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Is there any squad team model which doesn't have tester or QA? Do they successful?

Last post 04:40 am December 11, 2023 by soniya sharma
6 replies
02:23 am September 10, 2021

Hi there,

I'm researching a topic talking about the importance of a tester in a squad team, but I wonder if there's any squad doesn't have tester but still works well? And if so, how can they achieve that? Really appreciate any reply on this thread.

03:40 pm September 10, 2021

What is that "squad team" trying to achieve and what commitments, if any, are being made?

A Scrum Team will create Done increments of usable quality every Sprint. Scrum Team members recognize that quality assurance is the shared accountability of all Developers, regardless of whether or not any one of them is seen as being a "tester".

04:07 pm September 10, 2021

I'd be highly suspect of a team that doesn't have people who perform testing. However, I don't see a reason that a team needs a dedicated tester on the team. There's definitely value in having test specialists or subject matter experts in the organization, but there are many ways to have such specialists or experts support a team and not all of the ways require having that individual on the team.

05:20 pm September 10, 2021

I have worked with many teams that did not have individuals with QA in their title on the team. In fact, my previous 2 and current employer do not have any QA titles in our organization.  

However, as noted by @Thomas Owens there are people that test.  They are the same people that write code.  They create automated tests, they have their peers review the code (including tests) and use that as a part of validating the quality of what is being done.  They manually validate if there is a need to do so.  Quality is owned by everyone in the Scrum Team and is part of the work that needs to be done in order to satisfy the Definition of Done. 

Remember that Scrum does not have any job titles listed in the Guide anywhere.  There are 3 roles, Product Owner, Scrum Master and Developers.  The only plural roles, Developers, is meant to be made up by individuals that have the skills needed to create, maintain and release value increments.  How your org decides to do this is up to you. 

01:47 pm September 13, 2021

importance of a tester in a squad team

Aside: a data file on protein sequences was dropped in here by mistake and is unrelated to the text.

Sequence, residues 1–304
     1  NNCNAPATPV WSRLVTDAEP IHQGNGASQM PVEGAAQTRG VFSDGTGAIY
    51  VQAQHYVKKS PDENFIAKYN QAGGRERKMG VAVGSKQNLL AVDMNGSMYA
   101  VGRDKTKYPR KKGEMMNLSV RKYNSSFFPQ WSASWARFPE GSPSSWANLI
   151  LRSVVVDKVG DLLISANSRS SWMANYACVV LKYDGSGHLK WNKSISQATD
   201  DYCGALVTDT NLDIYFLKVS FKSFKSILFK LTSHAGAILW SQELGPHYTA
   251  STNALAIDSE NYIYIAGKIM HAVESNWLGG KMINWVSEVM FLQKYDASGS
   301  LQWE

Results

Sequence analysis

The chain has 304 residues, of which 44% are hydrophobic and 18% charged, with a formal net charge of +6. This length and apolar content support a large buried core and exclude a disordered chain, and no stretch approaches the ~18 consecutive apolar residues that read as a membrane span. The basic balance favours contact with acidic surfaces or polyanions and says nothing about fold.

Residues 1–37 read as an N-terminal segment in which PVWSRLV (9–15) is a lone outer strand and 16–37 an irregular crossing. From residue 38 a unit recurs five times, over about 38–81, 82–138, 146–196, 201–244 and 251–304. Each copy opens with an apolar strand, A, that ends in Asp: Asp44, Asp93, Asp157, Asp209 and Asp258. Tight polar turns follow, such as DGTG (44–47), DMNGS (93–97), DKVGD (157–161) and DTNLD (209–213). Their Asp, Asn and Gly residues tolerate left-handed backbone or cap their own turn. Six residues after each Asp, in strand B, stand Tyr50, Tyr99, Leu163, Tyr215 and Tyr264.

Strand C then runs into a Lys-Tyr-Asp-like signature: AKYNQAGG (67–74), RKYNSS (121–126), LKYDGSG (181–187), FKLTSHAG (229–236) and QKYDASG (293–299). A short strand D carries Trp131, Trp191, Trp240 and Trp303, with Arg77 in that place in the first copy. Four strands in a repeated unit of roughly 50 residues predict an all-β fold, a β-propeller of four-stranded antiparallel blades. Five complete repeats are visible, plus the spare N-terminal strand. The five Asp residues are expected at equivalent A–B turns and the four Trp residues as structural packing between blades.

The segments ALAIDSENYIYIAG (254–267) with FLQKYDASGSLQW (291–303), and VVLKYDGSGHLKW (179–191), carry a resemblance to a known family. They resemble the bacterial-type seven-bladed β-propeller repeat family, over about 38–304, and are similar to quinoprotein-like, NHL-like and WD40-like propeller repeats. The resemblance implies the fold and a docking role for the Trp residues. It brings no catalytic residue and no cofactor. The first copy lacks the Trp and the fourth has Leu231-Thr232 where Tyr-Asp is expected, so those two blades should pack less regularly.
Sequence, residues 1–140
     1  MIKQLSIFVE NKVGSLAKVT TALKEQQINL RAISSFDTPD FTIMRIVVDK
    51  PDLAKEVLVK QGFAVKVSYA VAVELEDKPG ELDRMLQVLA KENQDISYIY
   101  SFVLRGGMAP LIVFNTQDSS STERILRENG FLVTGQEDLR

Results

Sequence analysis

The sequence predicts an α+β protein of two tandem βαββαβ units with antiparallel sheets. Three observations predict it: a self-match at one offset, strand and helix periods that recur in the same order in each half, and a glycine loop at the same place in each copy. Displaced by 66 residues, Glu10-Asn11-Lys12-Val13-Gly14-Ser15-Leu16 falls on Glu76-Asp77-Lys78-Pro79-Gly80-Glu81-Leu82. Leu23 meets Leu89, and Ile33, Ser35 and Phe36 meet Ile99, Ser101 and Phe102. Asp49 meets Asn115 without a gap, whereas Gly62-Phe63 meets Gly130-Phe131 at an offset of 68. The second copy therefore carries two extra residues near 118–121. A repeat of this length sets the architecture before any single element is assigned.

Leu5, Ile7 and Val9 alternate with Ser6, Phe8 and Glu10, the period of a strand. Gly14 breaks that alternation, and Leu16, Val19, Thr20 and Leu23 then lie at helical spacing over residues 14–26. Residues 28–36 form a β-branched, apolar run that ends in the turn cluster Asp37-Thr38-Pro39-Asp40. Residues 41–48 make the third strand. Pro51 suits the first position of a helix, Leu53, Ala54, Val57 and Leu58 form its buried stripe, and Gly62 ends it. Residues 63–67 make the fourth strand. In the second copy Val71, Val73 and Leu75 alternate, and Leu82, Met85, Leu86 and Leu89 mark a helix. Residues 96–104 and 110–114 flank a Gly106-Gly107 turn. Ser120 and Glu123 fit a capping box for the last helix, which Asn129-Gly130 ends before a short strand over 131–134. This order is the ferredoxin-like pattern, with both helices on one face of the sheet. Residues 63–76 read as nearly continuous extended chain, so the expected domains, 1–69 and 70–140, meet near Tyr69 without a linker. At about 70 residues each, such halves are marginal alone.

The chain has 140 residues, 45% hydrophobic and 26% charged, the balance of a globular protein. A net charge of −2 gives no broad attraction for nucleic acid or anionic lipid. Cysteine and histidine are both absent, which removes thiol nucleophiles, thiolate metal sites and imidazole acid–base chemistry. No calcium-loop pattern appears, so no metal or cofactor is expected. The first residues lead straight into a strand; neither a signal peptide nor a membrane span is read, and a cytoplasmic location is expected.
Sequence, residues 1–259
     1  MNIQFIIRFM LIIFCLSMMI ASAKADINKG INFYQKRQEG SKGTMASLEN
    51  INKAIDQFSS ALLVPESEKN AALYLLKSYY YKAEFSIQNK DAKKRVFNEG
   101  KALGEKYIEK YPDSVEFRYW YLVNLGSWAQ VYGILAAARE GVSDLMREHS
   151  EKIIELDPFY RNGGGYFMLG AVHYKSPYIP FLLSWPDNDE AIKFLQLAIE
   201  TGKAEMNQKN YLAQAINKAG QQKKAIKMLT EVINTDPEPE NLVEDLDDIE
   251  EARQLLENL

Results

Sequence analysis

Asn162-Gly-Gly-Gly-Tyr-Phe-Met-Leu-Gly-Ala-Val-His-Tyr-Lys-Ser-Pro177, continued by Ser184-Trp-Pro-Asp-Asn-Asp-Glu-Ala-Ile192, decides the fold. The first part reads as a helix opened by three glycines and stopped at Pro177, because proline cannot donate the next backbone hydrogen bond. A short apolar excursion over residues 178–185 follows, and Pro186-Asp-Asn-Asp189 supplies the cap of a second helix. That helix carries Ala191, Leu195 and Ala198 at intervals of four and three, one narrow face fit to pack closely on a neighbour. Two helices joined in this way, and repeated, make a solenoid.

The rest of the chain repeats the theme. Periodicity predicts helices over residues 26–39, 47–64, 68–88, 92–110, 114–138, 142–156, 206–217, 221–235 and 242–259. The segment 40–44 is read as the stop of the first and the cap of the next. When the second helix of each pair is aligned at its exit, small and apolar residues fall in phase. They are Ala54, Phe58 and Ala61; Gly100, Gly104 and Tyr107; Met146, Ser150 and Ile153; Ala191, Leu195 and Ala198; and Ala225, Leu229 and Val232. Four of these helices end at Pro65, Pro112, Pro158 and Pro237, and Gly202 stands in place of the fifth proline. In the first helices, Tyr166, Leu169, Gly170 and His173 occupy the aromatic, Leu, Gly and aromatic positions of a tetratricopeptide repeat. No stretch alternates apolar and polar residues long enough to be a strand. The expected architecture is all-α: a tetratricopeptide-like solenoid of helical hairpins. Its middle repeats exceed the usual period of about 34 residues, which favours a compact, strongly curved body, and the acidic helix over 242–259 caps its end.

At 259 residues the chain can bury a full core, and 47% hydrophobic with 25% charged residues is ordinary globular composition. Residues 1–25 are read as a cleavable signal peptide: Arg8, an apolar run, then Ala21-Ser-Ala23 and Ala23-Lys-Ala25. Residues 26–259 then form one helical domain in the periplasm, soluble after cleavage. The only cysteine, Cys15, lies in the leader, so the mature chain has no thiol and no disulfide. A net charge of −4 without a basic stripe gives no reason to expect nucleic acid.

In scrum, there is no tester role. Yes you can take out that role. But what you think of quality of what you deliver ? Quality is everybody's responsibility in the team. So we believe testing is one of the ways to ensure quality. 


08:24 am December 8, 2023

We want quality and we want delivery, I'm seeing that with the increasing size of the stack i.e. web development in the cloud, that the list of skills and task a developer needs to have is very very long.

I'm finding it difficult to get developers to do non-happy-path testing, this is not unusual. 

We're finding that devs feel overloaded with tasks, stack is very large, DoD is detailed, so much to do in order to get an item to done. Very few developers enjoy testing and have any formal training in testing. The testing is just enough.

Risk here is that the app does not get tested beyond non-happy-path, issues will be found in the wild, increased cost and delays here.

I have found in other projects that the use of one or two test experts from the org can help guide the team and even do some testing themselves. Obviously addition on automated tests is optimal, this also takes time and is another task in the long list of tasks for devs.

I've coached that there are no subroles in Scrum for years, now I am seeing this causing issues.

04:40 am December 11, 2023

Yes, there are models where development teams work without dedicated testers or quality assurance (QA) specialists. This approach is often referred to as the "Whole Team" or "DevOps" model. In this model:

  1. Collaborative Responsibility:
    • Everyone in the development team, including developers, takes collective responsibility for both creating and testing the software.
  2. Continuous Testing:
    • Testing becomes an integral part of the development process rather than a separate phase. Developers write automated tests alongside their code to ensure its correctness.
  3. Faster Iterations:
    • Without a distinct QA phase, the development cycle can be faster, allowing for quicker iterations and releases.
  4. Collaborative Problem-Solving:
    • The team collaborates closely to identify and address issues early in the development process. This often leads to higher-quality software.
  5. Automation Tools:
    • Automation tools for testing, continuous integration, and continuous delivery become crucial for maintaining the reliability of the software.
  6. Feedback Loops:
    • Continuous feedback loops are established, ensuring that issues are identified and resolved promptly during the development process.

Success Factors:

  • The success of such a model depends on the team's ability to embrace collaboration and implement effective automated testing practices.
  • A strong focus on code quality, continuous integration, and proactive issue resolution is essential.


  • It might be challenging for teams to adopt this model without a cultural shift towards collaboration and shared responsibility.
  • Automated testing requires time and effort to set up but pays off in the long run.

While some teams successfully operate without dedicated testers, the effectiveness of this model depends on the team's skill set, collaboration, and commitment to maintaining high-quality code through automated testing practices.

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